Yet as The Passionate Torah illustrates, it is of critical importance to see beyond this apparent conflict if Jews are to embrace both their religious beliefs and their sexuality. With incisive essays from contemporary rabbis, scholars, thinkers, and writers, this collection not only surveys the challenges that sexuality poses to Jewish belief, but also offers fresh new perspectives and insights on the changing place of sexuality within Jewish theology--and Jewish lives. Covering topics such as monogamy, inter-faith relationships, reproductive technology, homosexuality, and a host of other hot-button issues, these writings consider how contemporary Jews can engage themselves, their loved ones, and their tradition in a way that's both sexy and sanctified.
Seeking to deepen the Jewish conversation about sexuality, The Passionate Torah brings together brilliant thinkers in an attempt to bridge the gap between the sacred and the sexual.
Contributors: Rebecca Alpert, Wendy Love Anderson, Judith R. Baskin, Aryeh Cohen, Elliot Dorff, Esther Fuchs, Bonna Haberman, Elliot Kukla, Gail Labovitz, Malka Landau, Sarra Lev, Laura Levitt, Sara Meirowitz, Jay Michaelson, Haviva Ner-David, Danya Ruttenberg, Naomi Seidman, and Arthur Waskow.
Religious Studies and Rabbinics have overlapping yet distinct interests, subject matter, and methods. Religious Studies is committed to the study of religion writ large. It develops theories and methods intended to apply across religious traditions. Rabbinics, by contrast, is dedicated to a defined set of texts produced by the rabbinic movement of late antiquity. Religious Studies and Rabbinics represents the first sustained effort to create a conversation between these two academic fields. In one trajectory of argument, the book shows what is gained when each field sees how the other engages the same questions: When did the concept of "religion" arise? How should a scholar's normative commitments interact with their scholarship? The book argues that if scholars from Religious Studies and Rabbinics do not realize they are addressing the same problems, they will not benefit from each other's solutions. A second line of argument brings research methods, theoretical claims, and data associated with one field into contact with those of the other. When Religious Studies categories such as "ritual" or "the sacred" are applied to data from Rabbinics and, conversely, when text-reading strategies distinctive to Rabbinics are employed for texts from other traditions, both Religious Studies and Rabbinics enlarge their scope. The chapters range across such themes as ritual failure; rabbinic conceptions of scripture, ethics, food, time, and everyday life; problems of definition and normativity in the study of religion; J.Z. Smith's writings; and the preaching of the African-American Christian evangelical social justice activist John Perkins. With chapters written by world-class theorists of Religious Studies and prominent text scholars of Rabbinics, the book provides a unique opportunity to expand the conceptual reach and scholarly audience of both Religious Studies and Jewish Studies.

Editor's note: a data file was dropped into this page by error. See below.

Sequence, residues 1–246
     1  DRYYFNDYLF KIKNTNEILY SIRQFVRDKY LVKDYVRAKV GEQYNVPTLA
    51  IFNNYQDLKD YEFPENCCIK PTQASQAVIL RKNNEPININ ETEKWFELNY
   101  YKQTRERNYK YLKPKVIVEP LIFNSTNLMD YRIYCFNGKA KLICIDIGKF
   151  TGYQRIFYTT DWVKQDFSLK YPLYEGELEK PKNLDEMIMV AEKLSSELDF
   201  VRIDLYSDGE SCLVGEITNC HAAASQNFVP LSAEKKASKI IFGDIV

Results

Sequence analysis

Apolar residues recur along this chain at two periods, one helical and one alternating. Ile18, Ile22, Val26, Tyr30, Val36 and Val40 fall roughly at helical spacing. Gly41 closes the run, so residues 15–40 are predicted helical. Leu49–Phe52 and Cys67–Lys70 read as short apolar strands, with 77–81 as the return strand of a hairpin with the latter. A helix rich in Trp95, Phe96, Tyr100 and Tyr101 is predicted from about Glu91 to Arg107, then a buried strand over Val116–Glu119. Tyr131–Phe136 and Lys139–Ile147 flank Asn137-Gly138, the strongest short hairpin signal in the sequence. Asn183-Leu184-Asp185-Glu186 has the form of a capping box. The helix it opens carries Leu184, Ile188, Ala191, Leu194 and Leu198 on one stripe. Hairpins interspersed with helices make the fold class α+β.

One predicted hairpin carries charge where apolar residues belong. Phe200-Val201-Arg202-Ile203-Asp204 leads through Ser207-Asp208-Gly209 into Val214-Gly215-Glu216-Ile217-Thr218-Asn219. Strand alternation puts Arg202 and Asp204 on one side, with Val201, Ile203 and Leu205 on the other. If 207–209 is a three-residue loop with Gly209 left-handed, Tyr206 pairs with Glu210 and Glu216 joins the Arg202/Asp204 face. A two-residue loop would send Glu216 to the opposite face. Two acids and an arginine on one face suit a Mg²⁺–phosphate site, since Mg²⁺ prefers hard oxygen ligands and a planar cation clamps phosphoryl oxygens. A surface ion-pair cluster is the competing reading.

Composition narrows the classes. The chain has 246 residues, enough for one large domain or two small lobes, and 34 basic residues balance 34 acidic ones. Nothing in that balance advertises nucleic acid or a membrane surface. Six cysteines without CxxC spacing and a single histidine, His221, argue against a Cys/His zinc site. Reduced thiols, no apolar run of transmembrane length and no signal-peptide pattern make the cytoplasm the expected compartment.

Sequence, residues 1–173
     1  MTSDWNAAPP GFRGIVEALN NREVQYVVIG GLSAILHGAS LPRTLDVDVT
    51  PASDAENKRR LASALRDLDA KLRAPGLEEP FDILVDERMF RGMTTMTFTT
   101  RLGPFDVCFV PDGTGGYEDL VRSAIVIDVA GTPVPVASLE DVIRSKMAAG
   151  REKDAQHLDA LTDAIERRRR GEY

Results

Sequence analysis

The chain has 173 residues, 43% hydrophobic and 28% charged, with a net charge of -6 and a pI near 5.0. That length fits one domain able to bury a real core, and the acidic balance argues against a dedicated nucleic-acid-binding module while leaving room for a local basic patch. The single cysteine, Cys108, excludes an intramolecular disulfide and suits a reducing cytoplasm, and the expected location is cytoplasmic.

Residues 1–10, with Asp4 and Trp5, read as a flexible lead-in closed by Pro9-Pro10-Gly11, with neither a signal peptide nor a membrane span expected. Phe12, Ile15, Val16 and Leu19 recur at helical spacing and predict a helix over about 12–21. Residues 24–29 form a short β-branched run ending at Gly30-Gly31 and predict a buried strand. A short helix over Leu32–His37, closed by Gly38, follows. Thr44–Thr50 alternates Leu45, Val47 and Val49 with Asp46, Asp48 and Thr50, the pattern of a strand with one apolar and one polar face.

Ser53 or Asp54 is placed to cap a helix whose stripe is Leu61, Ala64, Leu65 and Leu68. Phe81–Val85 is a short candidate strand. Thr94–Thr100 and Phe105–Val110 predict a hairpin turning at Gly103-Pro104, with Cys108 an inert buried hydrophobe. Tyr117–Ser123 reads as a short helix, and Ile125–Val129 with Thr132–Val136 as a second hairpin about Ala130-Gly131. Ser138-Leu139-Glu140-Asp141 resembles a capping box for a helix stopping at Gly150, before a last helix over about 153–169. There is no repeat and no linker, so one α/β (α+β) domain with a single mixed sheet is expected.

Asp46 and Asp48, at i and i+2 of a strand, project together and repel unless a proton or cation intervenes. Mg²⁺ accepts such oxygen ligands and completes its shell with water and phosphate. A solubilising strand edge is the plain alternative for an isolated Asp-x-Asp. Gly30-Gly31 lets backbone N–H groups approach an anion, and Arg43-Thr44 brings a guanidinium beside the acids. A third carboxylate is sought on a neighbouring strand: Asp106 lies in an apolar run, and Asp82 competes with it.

One of the best-kept religious secrets has been the revolution that has been quietly taking place within Judaism over the last two decades, as it has sought to grapple with contemporary issues. These include mixed-faith marriages, gay relationships, women's empowerment, declining numbers, atheism and being trans. It has involved a willingness to abandon biblical laws that conflict with modern values. Most ground-breaking of all, it has meant re-defining what it means to be Jewish in the 21st century. Inclusive Judaism not only uncovers this religion revolution, but presents a challenge to all people of faith on how best to marry tradition and modernity. The book also reflects the soul-searching that has prompted rabbis to chart a new course, both out of principle and as a practical way of rescuing British Jewry from possible collapse if it did not adapt to the new social trends that affect us all.
When first published in 1987, The American Synagogue quickly established itself as the standard work on the subject. The strength of the book lies in its combination of broad overviews of denominational differentiation that took place and case studies drawing from many geographical regions and emphasizing themes ranging from effects of immigration on synagogue life to changing roles of women. The book has become an important comparative resource for students of American religious life, particularly in its examination of how religious communities change over time.